In section 49, Khayyam says something that can be no coincidence:
The Ball no Question makes of Ayes and Noes,
But Right or Left as strikes the Player goes;
And He that toss’d Thee down into the Field,
He knows about it all – He knows – HE knows!
The Qur’an is also called the “Furqan” or divider. It divides between peoples, those who believe when they read it and those who increase in disbelief. His reference to a ball game is his reference to the hardships and conflicts which cause Man strife and suffering. This is a person who is not infected by the nonsensical idea that evil in the world means God does not exist. “HE knows!” why we suffer like this, why it does not matter which way an argument goes, or who wins and who loses. The “He” that Khayyam is talking about is beyond good or evil, in a Nietszchean sense, that is, that such questions are just on a different plane from what the “He” is concerned with. We and our morality, our demands and our accomplishments or tribulations are but flecks of dust, irrelevant. Again, the timelesness in Khayyam’s writing comes in, a sense that we do not grasp all that there is. But “He” knows…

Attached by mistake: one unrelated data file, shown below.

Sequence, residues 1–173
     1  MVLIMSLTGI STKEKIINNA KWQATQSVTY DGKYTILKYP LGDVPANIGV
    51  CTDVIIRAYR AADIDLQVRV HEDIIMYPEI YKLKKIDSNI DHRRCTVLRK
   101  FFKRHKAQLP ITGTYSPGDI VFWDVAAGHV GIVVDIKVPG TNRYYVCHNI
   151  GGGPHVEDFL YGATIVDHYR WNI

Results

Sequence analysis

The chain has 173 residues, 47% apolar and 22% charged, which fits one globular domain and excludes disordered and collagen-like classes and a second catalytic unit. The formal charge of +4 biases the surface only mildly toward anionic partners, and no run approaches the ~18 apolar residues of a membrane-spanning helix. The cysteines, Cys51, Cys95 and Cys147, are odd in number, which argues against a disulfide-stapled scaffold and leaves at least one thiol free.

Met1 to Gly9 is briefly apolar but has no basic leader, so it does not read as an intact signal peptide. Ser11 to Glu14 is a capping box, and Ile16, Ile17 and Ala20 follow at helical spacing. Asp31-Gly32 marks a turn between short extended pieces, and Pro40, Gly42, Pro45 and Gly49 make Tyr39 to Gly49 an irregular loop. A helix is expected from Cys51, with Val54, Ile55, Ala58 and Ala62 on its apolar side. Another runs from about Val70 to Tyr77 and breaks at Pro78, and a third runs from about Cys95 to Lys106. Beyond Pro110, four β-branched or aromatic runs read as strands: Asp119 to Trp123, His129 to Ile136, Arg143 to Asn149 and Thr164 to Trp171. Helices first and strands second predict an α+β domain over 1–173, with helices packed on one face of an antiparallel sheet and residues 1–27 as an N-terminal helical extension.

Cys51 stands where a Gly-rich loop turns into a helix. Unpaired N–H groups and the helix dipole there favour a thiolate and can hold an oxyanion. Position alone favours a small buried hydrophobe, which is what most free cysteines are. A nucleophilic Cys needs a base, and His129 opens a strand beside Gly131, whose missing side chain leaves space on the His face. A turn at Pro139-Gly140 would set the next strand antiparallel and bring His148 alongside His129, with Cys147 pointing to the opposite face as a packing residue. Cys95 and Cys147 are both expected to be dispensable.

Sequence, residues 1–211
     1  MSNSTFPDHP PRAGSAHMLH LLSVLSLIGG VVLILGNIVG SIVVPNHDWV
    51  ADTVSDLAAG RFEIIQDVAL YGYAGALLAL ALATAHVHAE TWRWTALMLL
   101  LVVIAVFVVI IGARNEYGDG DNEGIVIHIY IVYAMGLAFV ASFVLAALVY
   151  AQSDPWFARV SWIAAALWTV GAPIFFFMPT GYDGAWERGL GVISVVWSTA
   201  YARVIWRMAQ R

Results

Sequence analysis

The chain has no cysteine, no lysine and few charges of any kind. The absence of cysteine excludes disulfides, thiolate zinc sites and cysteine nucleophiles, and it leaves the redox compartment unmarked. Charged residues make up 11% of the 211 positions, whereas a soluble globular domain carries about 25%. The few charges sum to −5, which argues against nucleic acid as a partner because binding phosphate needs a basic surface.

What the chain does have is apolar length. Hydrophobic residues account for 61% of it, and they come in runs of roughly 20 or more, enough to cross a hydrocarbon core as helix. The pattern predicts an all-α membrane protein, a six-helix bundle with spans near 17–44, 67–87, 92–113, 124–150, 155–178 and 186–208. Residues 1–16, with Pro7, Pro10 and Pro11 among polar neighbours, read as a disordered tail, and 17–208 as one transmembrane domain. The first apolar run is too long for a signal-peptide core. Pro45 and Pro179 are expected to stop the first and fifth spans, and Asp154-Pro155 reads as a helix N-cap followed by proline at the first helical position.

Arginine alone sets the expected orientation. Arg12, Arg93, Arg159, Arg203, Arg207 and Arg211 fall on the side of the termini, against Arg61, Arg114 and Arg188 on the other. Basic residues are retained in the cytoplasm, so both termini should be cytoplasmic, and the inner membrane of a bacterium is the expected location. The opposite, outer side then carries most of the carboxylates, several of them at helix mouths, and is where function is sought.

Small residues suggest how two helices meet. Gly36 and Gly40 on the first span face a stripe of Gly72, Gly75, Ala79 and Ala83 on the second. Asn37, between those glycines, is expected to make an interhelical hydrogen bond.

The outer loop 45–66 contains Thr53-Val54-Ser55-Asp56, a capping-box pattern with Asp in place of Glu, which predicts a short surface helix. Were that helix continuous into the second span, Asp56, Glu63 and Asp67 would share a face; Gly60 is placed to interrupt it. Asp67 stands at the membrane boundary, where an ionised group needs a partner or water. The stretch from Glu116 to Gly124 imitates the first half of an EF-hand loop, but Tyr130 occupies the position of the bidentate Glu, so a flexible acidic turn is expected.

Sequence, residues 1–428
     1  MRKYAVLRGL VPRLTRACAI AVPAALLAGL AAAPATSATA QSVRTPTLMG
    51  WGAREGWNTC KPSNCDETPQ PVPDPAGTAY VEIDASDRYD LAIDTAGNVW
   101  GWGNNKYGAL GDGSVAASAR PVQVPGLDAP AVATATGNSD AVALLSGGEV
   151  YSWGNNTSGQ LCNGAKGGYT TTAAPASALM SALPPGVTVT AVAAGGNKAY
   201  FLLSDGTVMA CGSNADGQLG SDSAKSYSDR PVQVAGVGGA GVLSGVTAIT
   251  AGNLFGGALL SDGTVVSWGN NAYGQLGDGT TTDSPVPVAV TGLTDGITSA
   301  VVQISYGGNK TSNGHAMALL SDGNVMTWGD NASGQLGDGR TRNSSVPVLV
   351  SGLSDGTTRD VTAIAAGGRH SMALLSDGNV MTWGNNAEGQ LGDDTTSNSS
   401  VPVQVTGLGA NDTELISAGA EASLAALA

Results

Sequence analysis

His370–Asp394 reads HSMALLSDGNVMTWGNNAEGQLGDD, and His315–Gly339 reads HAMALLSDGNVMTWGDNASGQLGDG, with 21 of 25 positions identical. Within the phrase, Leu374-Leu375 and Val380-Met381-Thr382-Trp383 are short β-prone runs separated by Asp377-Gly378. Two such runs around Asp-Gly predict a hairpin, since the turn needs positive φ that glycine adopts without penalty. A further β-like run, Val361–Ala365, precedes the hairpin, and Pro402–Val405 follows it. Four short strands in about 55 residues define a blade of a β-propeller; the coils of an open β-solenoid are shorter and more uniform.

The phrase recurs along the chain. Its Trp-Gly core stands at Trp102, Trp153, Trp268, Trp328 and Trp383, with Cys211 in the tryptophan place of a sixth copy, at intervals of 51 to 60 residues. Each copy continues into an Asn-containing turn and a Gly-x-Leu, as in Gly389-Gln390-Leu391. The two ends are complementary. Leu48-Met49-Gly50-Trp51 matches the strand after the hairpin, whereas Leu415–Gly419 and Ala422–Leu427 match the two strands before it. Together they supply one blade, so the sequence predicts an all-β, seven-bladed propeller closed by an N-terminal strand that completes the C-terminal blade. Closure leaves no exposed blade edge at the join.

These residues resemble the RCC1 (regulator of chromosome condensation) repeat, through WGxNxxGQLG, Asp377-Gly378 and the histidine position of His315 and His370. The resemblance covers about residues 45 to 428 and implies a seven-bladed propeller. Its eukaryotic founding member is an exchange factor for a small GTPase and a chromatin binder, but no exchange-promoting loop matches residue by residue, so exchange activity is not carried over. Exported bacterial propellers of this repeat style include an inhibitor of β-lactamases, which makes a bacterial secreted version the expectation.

Saba does not comprehend that Khayyam is not being anti-religious or nihilistic when he proclaims “Drink! – for once dead you never shall return” in section 34. Again, Khayyam is drawing deep from the well of Islamic mysticism, that those who die in this world shall never return to it. But his constant reference to wine puzzles Saba, and even the answer given to him by one of the interviewees does little to dent his own one dimensional view of Khayyam as a womanizing drinker. Wine is always mentioned in Sufi and mystical Islamic poetry as expressive of a present, or of an ecstasy and joy in a moment. That in reaching our beloved, in attaining paradise, the muslim to Allah experiences the ecstasy of being close to the Divine. The Qur’an speaks of rivers of wine for those who reach paradise, the Prophet himself was offered a choice between wine and milk. Wine is not that radical a subject matter for poets who are Muslims or writing in a Muslim context, its prohibition notwithstanding.
Ultimately this documentary tells us more about Saba’s own opinion on current geopolitical events and religion than it does about who Omar Khayyam the man really was. In doing this he has made a poor documentary of only limited benefit and one which will be, as expected, celebrated by the Middle East’s many pseudo-intellectuals and rebels without a clue. Those people, to quote from the Qur’an, “who do not know“.